We often act under a no-win no-fee agreement. These are dealt with here but we recommend reading the information below first. Ultimately our first goal is to ensure that if you lose that you pay nothing. This allows peace of mind.
Anyone who uses a solicitor pays for the service they receive. The solicitor charges are called “profit costs”.
Profit costs are normally expressed as an hourly rate. That rate has to pay for all of the expenses of a firm including wages, rent, stationery, insurance and so on.
The normal principle in litigated cases is that “the loser pays”. This means that whoever has lost the case pays the winner their legal fees. This is called “the indemnity principle”. The defendant does not have to pay all of the legal costs, only those that are incurred between the two parties.
For example, in injury and medical negligence claims if the person making the claim wins, the defendant pays the claimant’s legal fees on top of any compensation.
The solicitor is allowed to charge the claimant for the costs that have not been recovered from the defendant. This means it is important to be economical in how a claim is dealt. For example, if a claimant fails to respond and has to be chased again and again it cannot be correct that the defendant should pay for the work done chasing them.
Some cases involve fixed costs, and what that means is that the sum that the defendant has to pay is fixed no matter how much work is done. The fixed sums are low so again it is vital to be economical in the claim because it is easy for the costs to exceed the fixed sums that are received.
Claimants (and clients generally) have the right to have their legal fees assessed if they think they are unreasonable, and this right is contained in the Solicitors Act 1974.
If you agree to pay for a claim privately then you pay for the work done, win or lose.
These are the expenses of a claim. Normally they include expert and court fees but other fees can be incurred including fees for setting costs budgets. These are not paid to the solicitor but to the person, company or whoever is providing the service.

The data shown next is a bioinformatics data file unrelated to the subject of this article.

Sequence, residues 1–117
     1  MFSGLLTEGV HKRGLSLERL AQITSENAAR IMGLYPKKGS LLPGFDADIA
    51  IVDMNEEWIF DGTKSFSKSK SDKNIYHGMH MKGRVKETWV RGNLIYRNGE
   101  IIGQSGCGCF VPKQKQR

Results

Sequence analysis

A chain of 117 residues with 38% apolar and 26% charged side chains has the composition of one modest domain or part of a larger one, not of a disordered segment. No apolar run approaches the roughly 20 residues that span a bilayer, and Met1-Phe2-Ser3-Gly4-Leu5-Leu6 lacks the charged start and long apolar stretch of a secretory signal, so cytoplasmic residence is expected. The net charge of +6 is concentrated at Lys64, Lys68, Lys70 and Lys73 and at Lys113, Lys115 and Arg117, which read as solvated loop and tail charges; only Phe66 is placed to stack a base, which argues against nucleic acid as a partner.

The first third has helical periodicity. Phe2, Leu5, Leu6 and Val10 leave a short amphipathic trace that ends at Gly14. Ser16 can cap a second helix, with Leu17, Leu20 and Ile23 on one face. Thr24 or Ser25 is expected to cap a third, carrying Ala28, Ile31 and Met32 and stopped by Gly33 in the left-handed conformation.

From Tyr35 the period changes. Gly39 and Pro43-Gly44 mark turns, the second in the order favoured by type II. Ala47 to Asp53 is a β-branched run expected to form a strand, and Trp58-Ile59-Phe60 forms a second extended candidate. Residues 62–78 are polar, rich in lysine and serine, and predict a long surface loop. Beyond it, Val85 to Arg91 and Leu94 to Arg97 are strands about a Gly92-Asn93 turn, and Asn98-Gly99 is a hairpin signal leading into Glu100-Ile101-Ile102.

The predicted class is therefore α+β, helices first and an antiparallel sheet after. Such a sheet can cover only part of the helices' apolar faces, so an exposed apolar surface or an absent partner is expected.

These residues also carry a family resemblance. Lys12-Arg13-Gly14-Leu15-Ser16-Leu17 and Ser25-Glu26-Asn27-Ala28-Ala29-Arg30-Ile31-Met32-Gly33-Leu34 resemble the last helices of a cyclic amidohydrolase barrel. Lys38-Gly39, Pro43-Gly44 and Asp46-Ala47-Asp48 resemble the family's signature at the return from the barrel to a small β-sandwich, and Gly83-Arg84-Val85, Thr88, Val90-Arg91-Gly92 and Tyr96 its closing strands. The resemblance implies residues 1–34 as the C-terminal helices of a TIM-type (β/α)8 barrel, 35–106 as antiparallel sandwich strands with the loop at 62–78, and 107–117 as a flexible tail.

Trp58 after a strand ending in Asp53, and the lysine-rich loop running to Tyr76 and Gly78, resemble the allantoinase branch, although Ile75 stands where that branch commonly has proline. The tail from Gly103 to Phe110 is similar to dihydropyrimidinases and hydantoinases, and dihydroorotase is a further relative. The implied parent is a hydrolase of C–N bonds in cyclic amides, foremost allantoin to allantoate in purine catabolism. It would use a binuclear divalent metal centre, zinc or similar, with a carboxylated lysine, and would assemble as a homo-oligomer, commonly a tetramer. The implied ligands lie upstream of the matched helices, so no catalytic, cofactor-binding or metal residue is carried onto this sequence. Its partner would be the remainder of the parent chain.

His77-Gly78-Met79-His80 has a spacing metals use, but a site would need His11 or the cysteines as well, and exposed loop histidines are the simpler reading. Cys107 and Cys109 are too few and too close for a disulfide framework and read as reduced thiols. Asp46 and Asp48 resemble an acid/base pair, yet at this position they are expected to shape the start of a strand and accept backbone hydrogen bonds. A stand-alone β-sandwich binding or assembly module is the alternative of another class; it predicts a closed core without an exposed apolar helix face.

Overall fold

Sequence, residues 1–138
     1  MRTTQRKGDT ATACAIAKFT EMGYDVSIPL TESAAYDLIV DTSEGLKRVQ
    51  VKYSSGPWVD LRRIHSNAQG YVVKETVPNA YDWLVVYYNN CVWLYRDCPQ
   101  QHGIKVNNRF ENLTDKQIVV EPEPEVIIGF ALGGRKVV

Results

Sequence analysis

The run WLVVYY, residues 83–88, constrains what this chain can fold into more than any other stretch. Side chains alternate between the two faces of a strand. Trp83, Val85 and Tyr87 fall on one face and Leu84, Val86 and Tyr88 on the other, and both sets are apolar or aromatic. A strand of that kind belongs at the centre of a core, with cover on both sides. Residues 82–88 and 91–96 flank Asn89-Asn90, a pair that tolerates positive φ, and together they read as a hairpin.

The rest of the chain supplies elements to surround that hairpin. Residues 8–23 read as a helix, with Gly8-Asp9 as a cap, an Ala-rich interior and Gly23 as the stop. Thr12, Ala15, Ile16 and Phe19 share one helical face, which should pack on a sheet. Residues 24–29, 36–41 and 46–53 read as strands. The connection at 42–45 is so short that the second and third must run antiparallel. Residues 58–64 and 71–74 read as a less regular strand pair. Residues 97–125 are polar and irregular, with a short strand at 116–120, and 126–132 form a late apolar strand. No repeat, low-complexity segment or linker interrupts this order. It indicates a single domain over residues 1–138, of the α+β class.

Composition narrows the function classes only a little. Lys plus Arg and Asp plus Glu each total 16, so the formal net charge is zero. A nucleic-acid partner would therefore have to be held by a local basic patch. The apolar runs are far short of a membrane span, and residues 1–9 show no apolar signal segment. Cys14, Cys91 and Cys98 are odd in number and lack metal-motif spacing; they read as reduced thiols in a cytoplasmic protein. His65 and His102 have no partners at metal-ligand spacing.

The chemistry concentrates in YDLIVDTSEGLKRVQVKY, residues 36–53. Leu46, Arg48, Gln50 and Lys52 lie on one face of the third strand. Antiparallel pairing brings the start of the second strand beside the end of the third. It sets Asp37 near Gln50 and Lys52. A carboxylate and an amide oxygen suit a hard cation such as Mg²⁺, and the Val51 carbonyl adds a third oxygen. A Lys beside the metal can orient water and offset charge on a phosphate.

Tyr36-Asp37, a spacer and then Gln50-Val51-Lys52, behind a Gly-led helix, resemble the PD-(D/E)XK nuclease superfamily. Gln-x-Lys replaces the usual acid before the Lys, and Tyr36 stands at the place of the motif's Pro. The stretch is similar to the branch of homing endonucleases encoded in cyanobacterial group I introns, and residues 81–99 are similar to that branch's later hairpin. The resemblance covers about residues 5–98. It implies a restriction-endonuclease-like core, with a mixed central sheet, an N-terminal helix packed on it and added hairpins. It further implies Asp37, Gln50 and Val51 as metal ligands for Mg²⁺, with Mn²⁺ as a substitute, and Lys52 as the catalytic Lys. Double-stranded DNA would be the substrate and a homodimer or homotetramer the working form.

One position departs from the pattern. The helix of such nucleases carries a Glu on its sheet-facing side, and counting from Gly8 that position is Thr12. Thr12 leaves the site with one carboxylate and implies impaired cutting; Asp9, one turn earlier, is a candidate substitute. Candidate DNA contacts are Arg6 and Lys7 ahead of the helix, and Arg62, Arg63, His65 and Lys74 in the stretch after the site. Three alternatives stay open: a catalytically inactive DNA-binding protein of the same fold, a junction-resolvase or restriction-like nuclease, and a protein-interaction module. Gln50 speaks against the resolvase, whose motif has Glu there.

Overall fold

The disbursements can often exceed the solicitor costs. For example, in a medical negligence claim (see the explanation about these types of cases on its own page) you may need separate experts to deal with breach of duty, causation and damage.
An example might be a pressure sore case needing a nursing expert (breach), a Tissue Viability Nurse (causation) and a plastic surgeon (damage). If such a case went to a 3-day trial, and all 3 experts were needed, the fees for the experts alone would be considerable.
Court fees can range from around £115 to £10,000 for the claim to be started, plus a trial fee. The actual fees depend on the value and/or complexity of the claim.
Barristers are extremely useful in cases that we deal with. We often do not need to instruct them, but if the case is particularly complex or high value it is useful to have a second opinion, not least because we will be relying on someone to represent you at any trial and involving them early helps the case run more smoothly.
We mostly instruct barristers under a no-win no-fee agreement but the fees will be for advice, conferences, drafting of complex documents and possibly even representation at the trial itself.
As with disbursements, the barrister’s fees can be a large proportion of any overall legal costs.
For any cases not involving an injury, the loser pays.
Since April 2013 injury and medical negligence claims have the benefit of Qualified One-way Costs Shifting (QOCS).
QOCS means that if a claimant loses their claim, the court will make an order that the claimant must pay the defendant their costs, but this order cannot be enforced. In practice this means that the claimant does not pay those costs.
This seems a bit strange but the reason is that the court may allow the defendant to enforce the costs order depending on the circumstances of the case and what has gone on.
QOCS can also be put to one side in certain circumstances, for example if the case is fraudulent, it never had any real merit or perhaps where the claimant’s conduct in the case is so bad that the defendant can recover any costs that have been wasted because of that conduct.
We have not explained about this at length because we will advise at any point if a potential costs order could be enforced.